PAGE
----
Kalamazoo Students Intern in Ann Arbor

Intern Kaitlyn Greiner works in a lab

Kaitlyn Greiner ’15

Several Hornets have settled in Wolverine territory this summer, taking advantage of the resources at a large research university by interning in offices and laboratories throughout Ann Arbor. The Kalamazoo College’s Center for Career and Professional Development caught up with four of them:

Psychology major Megan Martinez ’13 is working to understand links between social, psychological, and physical causes of pain. With the guidance of her supervisor, Ross Halpern, M.D., head of Ross Halpern and Associates Psychiatric Clinic, she is reviewing and analyzing patient files for data connecting childhood abuse, grief, and chronic pain. Martinez said she began her internship thinking that “pain was purely a physical phenomenon, one that should be addressed by doctors and medicine. [However] working in Dr. Halpern’s office has helped me realize that pain, particularly chronic pain, is often influenced by social and psychological factors.” Dr. Halpern has given Martinez plenty of opportunity to take responsibility and guide decision-making on their data project, empowering her to recognize her capacity to conduct independent research and analysis.

Kaitlyn Greiner ’15 is working with Upjohn Professor of Medicine and Oncology Stephen Weiss, M.D., at the University of Michigan Life Sciences Institute to identify mechanisms for invasion and growth of brain tumor cells. One of only a few undergraduates accepted into the Weiss research lab, Greiner said she is “learning valuable techniques and tests that I have no doubt I will need to use in my upper-level biology classes,” and is gaining “a great deal of access to both literature regarding my research and people who are very knowledgeable about what they are researching.” Greiner reports that her time in the Weiss lab has allowed her to practice what she learned in her first-year biology classes and “clarified my desire to do medical research.” Greiner has impressed Dr. Weiss with her curiosity and interest, and has already been invited back to the lab next summer.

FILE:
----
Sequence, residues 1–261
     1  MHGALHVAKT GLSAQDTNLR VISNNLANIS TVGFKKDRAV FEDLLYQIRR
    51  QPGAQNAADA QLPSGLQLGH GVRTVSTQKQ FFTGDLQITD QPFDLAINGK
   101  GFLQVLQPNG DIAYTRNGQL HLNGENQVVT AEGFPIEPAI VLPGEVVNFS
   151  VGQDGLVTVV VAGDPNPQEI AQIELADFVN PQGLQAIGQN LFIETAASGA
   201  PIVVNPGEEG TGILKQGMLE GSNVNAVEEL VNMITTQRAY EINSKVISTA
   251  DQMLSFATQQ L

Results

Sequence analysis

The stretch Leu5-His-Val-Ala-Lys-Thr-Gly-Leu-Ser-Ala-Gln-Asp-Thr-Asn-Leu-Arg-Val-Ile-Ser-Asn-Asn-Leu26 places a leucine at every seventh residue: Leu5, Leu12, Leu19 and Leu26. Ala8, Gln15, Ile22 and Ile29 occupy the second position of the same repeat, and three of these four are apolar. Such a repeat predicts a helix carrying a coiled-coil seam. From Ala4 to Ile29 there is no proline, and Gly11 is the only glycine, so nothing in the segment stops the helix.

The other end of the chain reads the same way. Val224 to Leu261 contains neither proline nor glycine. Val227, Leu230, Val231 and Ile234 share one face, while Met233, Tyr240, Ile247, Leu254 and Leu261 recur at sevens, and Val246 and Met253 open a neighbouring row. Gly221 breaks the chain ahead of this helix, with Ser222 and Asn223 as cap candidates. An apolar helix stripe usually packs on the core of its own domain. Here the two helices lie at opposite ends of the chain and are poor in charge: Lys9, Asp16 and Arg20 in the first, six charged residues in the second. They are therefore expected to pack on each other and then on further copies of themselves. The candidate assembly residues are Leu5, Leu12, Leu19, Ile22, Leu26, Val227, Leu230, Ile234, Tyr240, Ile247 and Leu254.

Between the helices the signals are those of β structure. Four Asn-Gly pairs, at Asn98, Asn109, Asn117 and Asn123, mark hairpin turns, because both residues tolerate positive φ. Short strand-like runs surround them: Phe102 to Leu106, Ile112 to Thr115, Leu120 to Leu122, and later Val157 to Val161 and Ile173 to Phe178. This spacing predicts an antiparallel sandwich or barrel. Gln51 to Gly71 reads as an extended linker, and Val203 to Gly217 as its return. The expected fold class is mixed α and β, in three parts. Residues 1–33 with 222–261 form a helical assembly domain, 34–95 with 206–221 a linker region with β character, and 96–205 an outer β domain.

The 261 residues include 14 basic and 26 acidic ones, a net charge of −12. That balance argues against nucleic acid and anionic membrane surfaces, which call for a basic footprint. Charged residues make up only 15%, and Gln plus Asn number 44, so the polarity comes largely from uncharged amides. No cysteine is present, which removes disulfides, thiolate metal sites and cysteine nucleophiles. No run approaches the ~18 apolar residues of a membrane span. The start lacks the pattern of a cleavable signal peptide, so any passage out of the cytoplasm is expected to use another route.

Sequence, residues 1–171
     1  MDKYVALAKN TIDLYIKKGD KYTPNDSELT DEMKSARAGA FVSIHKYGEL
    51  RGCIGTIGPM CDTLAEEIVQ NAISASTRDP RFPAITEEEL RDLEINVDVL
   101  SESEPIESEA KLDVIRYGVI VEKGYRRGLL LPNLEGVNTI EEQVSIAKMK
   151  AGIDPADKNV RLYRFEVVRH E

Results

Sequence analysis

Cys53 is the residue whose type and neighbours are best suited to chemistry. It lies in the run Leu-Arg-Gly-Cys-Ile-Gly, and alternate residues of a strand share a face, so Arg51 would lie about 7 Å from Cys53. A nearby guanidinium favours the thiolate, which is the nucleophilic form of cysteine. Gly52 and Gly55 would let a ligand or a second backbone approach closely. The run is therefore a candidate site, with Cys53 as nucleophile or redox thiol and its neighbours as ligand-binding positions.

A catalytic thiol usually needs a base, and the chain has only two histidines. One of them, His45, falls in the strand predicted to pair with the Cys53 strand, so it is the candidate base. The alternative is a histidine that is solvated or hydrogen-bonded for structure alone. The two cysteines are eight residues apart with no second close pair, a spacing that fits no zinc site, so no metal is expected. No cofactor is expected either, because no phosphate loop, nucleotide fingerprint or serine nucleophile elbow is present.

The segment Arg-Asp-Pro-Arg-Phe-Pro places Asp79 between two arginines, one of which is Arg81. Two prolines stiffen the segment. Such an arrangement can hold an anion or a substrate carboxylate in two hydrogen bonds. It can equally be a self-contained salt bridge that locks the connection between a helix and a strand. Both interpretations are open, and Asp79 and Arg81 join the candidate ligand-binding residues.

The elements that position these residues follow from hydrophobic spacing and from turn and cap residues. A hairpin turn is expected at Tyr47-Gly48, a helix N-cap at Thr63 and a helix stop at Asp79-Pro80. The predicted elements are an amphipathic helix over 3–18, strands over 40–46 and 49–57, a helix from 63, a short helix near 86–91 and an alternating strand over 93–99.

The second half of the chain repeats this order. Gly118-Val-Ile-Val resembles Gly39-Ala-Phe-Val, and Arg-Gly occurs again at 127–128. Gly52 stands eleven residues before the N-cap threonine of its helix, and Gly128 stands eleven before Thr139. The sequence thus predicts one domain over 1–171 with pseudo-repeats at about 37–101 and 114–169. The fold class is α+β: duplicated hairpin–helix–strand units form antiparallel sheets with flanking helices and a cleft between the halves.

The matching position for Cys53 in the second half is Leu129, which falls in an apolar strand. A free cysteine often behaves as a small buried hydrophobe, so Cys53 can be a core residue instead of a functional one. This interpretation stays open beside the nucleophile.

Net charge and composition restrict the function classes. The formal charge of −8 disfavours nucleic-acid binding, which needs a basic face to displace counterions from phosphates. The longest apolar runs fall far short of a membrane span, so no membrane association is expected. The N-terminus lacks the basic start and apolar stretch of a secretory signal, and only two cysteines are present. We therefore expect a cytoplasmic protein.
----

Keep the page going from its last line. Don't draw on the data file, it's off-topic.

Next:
Chemistry major Sara Adelman ’14 enjoys talking about K with her alumna supervisor, Nichole Hein ’01, M.D., who is “paying it forward” after her own great experiences with undergraduate summer internships. Dr. Hein is hosting her second K-intern this summer while working as a post-doc in the laboratory of John Fink, M.D., a professor in the Department of Neurology and director of the Neurogenetic Disorders Program in the UM Medical School. In her gene sequencing work this summer, Adelman, who impresses Fink and Hein with her “maturity, independence, and drive,” has found and is double-checking a mutation that might be connected to age-dependent neurologic degeneration. Using her K academics in the lab this summer has helped Adelman recognize that “what I’m learning really has relevance in the real world.”

Kathryn Chamberlain ’13 exudes enthusiasm as she describes her internship in the UM Molecular and Behavioral Neuroscience Institute where she investigates stimuli-induced dopamine release levels with her supervisor, Jennifer Cummings, Ph.D. “It is a learning experience, it is great skill building, and it is opening doors for future opportunities I may have in the field of neuroscience.” Between describing her new-found prowess at building and calibrating carbon fiber electrodes and showing off dozens of graphs of individual experiments using her tiny glass creations to collect data, Chamberlain said her summer work will become part of her Senior Individualized Project at K, and is a pivotal influence in her decision to seek a research career.

Story and photo by Joan Hawxhurst, director, Kalamazoo College Center for Career and Professional Development.

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About Andy Brown

As the Director of Media Relations and Online Content, Andy shares the stories that distinguish Kalamazoo College through social media, the Web and the news media. Contact him at abrown@kzoo.edu.